Enterprises are also using IoT to control energy consumption. There’s a rule called the 3/30/300 hundred rule, and it states businesses should spend $3 on utilities, $30 on space and $300 on employees. Companies have to balance each of those expenses, and being able to more effectively control energy output based on needs is a big deal. Organizations appreciate the ability to use technology to sense when somebody is in a room and activate lights, or cooling or heating accordingly, instead of just having spaces run at full capacity.

    How is corporate real estate and space planning changing?

    I just attended a conference in New York, and one of things I heard that validated what we’ve known is people in real estate facilities are recognizing a single solution can't solve the entire workplace real estate question. They’re realizing they have to be able to look at a combination of platforms and point solutions. Businesses also recognize software as a service (SaaS) is imperative—they’re not even looking at on-premise solutions because on-premise or installed solutions limit flexibility and the ability to respond to change.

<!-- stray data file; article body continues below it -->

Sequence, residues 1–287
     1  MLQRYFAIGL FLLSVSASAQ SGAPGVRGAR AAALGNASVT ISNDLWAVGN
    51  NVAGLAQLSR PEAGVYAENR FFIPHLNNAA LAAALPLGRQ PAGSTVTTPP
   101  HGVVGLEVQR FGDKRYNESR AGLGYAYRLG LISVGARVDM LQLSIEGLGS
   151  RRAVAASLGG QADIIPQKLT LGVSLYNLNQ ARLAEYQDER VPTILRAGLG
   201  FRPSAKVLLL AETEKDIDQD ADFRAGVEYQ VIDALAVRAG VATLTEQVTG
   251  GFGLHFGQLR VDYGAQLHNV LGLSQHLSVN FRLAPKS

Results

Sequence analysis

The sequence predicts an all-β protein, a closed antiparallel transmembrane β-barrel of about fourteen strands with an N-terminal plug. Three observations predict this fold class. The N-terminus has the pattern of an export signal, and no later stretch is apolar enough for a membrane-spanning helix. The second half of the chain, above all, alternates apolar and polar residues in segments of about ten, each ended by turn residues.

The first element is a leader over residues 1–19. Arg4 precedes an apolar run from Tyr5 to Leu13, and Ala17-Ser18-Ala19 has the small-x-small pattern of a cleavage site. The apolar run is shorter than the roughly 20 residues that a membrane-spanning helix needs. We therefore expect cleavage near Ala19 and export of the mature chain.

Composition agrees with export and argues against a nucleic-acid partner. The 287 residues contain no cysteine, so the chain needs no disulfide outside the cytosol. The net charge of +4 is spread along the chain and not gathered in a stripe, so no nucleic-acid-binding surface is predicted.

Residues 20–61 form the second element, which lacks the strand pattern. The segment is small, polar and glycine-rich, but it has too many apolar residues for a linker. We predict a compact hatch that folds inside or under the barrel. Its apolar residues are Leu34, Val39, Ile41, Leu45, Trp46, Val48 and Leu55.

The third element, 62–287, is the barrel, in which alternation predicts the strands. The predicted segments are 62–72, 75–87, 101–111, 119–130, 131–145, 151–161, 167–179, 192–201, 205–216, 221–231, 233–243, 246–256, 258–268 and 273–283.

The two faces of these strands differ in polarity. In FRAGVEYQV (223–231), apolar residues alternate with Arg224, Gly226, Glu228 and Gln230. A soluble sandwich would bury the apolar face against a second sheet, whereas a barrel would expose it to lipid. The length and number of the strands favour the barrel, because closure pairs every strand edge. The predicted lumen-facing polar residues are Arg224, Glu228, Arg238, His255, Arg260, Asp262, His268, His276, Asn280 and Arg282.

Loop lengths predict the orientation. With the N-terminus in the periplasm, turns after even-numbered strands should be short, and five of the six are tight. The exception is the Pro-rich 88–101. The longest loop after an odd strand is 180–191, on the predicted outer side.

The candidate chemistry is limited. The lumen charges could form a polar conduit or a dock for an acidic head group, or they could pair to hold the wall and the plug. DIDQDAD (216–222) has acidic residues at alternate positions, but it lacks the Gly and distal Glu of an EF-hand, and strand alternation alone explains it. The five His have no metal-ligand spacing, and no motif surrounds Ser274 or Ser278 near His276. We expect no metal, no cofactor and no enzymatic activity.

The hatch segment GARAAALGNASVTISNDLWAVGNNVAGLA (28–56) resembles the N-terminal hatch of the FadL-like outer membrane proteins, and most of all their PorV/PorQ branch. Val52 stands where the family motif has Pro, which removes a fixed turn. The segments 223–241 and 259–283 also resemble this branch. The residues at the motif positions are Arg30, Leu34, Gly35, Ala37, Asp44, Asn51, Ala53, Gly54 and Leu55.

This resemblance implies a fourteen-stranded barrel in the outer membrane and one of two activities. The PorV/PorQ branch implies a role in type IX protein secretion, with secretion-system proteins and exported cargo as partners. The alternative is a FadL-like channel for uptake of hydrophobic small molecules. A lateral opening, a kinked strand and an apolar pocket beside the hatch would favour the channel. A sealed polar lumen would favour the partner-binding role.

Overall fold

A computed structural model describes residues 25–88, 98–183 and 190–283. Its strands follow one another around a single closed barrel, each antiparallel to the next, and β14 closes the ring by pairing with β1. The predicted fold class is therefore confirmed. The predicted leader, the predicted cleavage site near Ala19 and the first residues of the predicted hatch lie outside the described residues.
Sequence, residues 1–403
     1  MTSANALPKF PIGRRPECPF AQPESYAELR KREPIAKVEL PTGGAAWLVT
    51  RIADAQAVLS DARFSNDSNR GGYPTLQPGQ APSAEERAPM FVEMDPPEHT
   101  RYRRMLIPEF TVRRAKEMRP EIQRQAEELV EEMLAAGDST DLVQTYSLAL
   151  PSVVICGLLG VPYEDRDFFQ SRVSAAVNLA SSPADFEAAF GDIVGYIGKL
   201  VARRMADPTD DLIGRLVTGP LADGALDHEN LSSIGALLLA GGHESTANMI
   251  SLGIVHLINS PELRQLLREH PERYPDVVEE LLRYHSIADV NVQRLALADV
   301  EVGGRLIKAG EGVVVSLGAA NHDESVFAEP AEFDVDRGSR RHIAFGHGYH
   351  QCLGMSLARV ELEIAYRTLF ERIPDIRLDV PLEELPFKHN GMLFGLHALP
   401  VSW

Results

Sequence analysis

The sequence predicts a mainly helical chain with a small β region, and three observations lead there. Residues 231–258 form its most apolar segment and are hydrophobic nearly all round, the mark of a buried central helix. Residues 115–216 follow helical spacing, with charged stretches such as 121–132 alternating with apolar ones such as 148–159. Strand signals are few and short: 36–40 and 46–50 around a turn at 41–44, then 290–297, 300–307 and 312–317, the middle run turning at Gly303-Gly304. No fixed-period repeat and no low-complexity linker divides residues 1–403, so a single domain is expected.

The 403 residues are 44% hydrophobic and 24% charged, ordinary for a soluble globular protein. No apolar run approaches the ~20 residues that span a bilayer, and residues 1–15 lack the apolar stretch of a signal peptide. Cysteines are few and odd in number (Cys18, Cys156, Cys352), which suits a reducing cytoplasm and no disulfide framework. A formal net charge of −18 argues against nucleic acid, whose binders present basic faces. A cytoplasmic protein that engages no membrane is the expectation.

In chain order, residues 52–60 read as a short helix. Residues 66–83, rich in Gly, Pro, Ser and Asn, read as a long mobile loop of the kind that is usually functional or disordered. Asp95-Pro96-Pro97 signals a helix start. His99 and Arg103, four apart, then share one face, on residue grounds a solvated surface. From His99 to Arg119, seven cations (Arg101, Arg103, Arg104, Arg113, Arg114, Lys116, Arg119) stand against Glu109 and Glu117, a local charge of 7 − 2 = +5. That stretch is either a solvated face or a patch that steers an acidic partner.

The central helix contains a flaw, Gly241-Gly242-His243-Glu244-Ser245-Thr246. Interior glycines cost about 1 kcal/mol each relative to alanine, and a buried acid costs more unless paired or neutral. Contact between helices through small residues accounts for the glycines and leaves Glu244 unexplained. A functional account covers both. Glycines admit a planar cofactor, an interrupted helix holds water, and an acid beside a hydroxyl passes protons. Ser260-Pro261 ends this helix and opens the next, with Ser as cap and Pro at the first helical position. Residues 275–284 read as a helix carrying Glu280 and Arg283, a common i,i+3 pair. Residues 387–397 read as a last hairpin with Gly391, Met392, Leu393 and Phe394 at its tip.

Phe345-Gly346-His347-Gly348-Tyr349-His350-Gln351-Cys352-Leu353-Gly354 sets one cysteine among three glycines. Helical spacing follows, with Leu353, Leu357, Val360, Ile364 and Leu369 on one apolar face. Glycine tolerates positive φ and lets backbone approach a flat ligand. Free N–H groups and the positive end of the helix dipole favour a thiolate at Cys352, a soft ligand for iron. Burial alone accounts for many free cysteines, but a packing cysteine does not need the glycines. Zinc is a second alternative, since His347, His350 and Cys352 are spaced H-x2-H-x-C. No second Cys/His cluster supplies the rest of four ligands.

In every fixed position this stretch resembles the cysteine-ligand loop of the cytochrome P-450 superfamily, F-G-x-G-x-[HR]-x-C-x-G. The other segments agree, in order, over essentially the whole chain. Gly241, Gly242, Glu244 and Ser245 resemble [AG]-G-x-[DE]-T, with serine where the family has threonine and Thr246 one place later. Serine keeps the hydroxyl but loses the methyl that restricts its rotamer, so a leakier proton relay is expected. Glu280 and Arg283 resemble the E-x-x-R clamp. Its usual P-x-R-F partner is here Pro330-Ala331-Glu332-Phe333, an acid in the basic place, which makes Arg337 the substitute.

One of the other disruptive trends out there is coworking spaces, like WeWork. The WeWork concept is transitioning from being used by only small startups and SMBs to corporations who appreciate the culture WeWork creates. If an enterprise has to invest in a market instead of setting up their own independent office, they're doing deals with WeWork.